WASHINGTON (AP) -- Alaska had one of the most dramatic drops in teen birth rates, according to state-by-state figures on government birth data being released Friday for 1999.
The rate fell in every state, dropping by more than 30 percent in Alaska, Michigan, California, Maine and Vermont between 1991 and 1999, according to Child Trends, a research firm that analyzed the birth data.
But teen birth rates continue to vary widely across the country.
Nationally, the birth rate fell 22 percent between 1991 and 2000, when 48.7 out of every 1,000 women ages 15 to 19 gave birth. In Delaware and Texas, it fell the least, by just 11 percent.
There also are wide variations in the birth rates themselves. In New Hampshire, just 24 out of every 1,000 15-to-19-year-old women gave birth in 1999. In Mississippi, it was three times that -- 73 out of 1,000.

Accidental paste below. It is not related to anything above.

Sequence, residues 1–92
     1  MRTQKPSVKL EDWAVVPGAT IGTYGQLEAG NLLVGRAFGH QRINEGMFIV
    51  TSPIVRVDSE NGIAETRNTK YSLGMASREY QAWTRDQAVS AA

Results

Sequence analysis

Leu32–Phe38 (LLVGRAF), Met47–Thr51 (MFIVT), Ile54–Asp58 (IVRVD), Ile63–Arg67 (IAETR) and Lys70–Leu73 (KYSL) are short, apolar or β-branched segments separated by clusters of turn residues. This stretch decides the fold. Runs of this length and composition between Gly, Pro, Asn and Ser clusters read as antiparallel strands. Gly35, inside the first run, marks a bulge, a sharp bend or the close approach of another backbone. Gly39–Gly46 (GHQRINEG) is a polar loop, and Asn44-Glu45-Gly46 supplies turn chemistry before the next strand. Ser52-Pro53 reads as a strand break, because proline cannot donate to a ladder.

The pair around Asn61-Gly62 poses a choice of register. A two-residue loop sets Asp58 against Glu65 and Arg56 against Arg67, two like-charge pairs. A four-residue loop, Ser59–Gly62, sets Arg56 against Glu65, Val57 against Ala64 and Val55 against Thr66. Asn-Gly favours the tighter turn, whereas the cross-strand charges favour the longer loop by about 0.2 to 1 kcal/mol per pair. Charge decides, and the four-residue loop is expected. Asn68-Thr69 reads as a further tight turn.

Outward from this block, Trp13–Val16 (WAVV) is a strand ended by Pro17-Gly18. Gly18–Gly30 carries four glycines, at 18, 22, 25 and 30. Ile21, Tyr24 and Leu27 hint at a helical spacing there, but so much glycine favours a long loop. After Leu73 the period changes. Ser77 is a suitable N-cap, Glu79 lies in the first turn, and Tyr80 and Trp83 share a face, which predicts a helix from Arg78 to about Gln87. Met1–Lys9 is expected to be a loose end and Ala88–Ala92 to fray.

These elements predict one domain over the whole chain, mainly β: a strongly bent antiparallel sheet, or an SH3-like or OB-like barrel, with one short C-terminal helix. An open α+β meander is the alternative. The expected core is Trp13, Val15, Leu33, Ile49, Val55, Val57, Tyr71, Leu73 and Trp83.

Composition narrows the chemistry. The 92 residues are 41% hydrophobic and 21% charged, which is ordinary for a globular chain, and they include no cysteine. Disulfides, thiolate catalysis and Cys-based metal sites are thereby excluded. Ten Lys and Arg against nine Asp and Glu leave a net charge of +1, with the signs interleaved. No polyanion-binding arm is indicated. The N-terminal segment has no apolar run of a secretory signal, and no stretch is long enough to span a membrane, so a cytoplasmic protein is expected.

Southern and Southeastern states have the highest teen birth rates, with upper Northeastern and some Northern states typically having much lower rates.
The data being released Friday also give teen birth rates for the 150 largest U.S. cities.
Child Trends researchers noted that 13 states have rates that are higher than Armenia, one of the few developed counties with a comparable teen birth rate.
Nationally, the teen birth rate fell markedly through the 1970s and early 1980s and then spiked up between 1986 and 1991 before it began falling again.
On the Net: Child Trends: http://www.childtrends.org
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